Tuesday, September 8, 2009

Late Bloomers

My mom was up visiting for my graduation, and I had the good fortune to go hiking with her for a few days. If you've never been on a hiking trip with Safta, its a real treat. Now, a caveat here is that if you really want to go anywhere, you can't let her take either her birding book or her wildflower book, or her binoculars.

BUT, if you want to have one of the best, most memorable days of your life, and if you'd like to discover the beauty of the world as it is all around you, I'd suggest a walk with Safta.

Late August, most of the flowers are done, even in Bozeman, up at altitude, in one of the wettest summers we've had, things have gone to seed. I tend to see the big picture as I hike along, taking in the scenery as I walk, heading toward peak or ridge, and falling into my own world.

Walking with my mom, I realized, as we left the car, went ten feet, found mountain astor, columbine, bluebells, and countless other flowers hiding in the brush. After this incredible session, we walked literally across the path, where we found a whole cache of lupine.

As I stood in the sun and watched my mom blissing out on the beauty that were these rare late bloomers, I realized that while I had hoped she would come out to visit earlier in the year, when the carpets of wild flowers are like country quilts over the meadows, this moment in time, when the few late bloomers are hiding their color carefully, is a moment of absolute rare opportunity.

We spent the rest of the afternoon wandering up the trail in pursuit of the hidden late bloomer, I realized the cornball analagy that everyone uses is absolutely true. I don't think any of us would choose to bloom late, I think we'd all like to be born with a huge amount of easily accessible talent, a true and easy to see path, and the will and desire to head down it right out of the starting gate.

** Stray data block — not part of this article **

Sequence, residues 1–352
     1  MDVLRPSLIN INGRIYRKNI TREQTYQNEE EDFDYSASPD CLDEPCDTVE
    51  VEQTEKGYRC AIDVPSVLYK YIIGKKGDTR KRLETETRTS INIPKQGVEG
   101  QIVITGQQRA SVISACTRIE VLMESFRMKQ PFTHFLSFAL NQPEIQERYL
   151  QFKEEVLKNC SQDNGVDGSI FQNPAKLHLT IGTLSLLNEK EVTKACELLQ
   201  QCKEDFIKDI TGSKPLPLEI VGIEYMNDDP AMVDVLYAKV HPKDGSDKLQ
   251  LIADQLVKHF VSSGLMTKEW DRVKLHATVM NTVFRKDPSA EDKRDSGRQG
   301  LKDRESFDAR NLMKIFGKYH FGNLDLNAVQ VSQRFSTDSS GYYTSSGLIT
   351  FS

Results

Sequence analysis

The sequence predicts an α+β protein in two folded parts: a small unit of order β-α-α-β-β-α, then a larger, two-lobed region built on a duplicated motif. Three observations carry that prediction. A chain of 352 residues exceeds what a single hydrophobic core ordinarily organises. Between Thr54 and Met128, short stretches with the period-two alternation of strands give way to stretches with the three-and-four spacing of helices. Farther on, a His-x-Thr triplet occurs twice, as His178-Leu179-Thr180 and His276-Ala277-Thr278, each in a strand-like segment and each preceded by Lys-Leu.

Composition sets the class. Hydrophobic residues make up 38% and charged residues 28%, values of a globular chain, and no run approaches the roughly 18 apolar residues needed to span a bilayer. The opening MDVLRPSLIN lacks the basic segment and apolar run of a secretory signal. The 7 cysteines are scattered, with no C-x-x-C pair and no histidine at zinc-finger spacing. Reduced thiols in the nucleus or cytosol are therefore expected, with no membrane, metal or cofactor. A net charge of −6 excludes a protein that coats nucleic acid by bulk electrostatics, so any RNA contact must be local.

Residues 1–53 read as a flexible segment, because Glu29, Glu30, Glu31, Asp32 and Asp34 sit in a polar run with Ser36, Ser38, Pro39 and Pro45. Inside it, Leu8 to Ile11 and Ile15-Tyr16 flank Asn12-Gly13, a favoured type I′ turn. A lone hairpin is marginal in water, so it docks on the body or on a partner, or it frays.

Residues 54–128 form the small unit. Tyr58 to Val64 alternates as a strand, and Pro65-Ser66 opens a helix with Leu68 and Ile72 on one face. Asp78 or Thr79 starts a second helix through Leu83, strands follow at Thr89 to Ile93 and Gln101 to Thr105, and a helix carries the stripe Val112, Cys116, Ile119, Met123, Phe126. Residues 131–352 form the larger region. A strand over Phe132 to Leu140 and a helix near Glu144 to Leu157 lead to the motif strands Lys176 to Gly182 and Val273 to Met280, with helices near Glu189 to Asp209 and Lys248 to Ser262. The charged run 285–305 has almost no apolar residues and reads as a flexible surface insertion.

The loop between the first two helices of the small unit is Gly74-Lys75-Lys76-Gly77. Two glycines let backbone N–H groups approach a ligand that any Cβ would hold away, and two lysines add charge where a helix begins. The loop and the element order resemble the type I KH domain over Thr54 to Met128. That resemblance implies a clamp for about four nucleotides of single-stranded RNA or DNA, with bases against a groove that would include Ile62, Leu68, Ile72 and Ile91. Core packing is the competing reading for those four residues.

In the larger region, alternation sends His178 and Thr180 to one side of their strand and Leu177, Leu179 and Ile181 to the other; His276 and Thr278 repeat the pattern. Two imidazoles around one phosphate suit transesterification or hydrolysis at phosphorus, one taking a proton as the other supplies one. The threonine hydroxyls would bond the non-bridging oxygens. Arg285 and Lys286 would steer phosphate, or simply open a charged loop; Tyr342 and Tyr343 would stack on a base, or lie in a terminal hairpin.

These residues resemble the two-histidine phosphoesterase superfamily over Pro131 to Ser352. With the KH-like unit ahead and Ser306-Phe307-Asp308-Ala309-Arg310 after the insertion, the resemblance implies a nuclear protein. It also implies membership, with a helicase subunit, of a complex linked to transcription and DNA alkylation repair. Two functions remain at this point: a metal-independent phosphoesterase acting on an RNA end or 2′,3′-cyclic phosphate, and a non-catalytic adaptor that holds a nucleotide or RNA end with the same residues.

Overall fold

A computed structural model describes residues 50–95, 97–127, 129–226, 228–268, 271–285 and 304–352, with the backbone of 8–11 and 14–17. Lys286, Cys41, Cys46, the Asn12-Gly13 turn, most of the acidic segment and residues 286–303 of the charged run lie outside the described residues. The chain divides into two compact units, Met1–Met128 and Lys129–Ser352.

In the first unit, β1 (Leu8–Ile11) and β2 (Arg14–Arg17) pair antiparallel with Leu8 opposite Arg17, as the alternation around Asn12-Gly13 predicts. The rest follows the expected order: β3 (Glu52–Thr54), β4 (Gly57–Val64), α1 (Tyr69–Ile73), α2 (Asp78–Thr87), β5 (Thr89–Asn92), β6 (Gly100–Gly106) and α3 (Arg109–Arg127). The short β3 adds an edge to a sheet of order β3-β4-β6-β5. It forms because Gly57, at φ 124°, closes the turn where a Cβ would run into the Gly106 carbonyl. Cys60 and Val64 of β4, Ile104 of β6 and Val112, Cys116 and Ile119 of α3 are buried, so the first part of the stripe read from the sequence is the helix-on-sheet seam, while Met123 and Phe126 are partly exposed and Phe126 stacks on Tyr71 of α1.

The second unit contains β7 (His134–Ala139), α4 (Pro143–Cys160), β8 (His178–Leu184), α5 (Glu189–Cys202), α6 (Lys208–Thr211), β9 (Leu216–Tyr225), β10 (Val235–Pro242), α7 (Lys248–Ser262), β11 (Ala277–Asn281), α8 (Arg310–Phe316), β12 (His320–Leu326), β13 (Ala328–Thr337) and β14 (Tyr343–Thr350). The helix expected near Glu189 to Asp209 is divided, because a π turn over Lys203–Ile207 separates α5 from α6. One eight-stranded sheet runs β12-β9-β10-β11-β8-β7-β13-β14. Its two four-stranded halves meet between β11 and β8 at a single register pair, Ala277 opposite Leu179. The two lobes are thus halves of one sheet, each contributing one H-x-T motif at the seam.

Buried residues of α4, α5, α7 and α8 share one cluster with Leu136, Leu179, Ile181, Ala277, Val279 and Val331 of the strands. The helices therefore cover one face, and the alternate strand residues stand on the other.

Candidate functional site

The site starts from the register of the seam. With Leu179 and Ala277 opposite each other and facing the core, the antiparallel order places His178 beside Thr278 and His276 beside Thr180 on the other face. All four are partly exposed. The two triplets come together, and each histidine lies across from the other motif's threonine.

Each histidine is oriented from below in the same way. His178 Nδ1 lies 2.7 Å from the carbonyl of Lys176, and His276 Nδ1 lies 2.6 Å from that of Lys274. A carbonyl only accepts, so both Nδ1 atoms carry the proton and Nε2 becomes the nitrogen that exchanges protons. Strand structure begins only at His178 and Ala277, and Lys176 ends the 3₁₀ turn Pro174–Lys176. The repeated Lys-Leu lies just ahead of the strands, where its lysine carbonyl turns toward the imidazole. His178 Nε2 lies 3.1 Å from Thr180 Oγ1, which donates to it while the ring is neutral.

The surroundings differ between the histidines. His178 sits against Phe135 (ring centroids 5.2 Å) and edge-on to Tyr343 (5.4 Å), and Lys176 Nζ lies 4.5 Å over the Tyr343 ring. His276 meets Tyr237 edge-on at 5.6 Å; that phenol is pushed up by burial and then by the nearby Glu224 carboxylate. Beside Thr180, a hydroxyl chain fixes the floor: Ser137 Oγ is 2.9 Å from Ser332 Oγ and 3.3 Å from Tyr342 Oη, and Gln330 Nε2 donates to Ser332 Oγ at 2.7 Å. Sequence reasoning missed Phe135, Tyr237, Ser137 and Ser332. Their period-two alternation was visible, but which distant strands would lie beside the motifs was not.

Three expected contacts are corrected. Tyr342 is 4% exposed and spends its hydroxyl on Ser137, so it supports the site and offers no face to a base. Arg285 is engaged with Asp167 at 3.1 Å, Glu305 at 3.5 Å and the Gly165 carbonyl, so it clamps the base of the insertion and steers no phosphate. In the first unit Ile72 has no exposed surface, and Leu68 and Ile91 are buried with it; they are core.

So pardon the fairly obvious allegory, but somehow the full impact of what it means to be a late bloomer hit me.

Sometimes that innate talent shows itself in whispers and desires of childhood, in the games we choose to play, in the sport we do, but we never realize that perhaps, these games, this unfocused play is actually our light, our mini bloom.

Maybe that's why I love teaching adults to ski, or re teaching them. Because its something lots of them did as a kid, or wanted to do, but never thought they could be good at, or better than they were when they were young.

These thoughts connected like plugs in a powerstrip, Mike skating in the skate park and doing things today he coudln't even think about doing when he was younger, my mom finding beauty where everyone was running past, assuming the season for beauty was over, and my own journey to this seemingly ridiculous goal of being a professional skier at 37.

I think that there is some idea that we reach a point at which we have to say, well, I tried, now its time to get with the programme and be real, give up on the whispers of my dreams, the talents people may have told me I had, and sit down and fill out paperwork.

What if it didn't work that way? What if you could learn to ski at 35 and be a pro before you were 40? What if you always wanted to be a painter, and you started your professional career at 70? What if? What if being a late bloomer allowed you to bring all of the wisdom of your life and past experiences to the table, in the same way that you really appreciate your graduate degree after you party your way through you BA and feel, a bit sheepsihly, like you may have missed part of your college experience?

I think in this age, when suddenly things seem uncertain, and people are casting about for meaning, maybe realizing that a chicken in every pot, a car in every garage, consuming, hoarding, collecting stuff is not the point, but living your life, really living it, remembering what you wanted to be, and allowing yourself to become that person again, maybe that's the point. To breathe in, and feel alive. Even if you breathe in and it hurts a little, because you broke a rib skateboarding.

PS, I have great pics of my mom for this post, but i'm having trouble uploading them... stay tuned!

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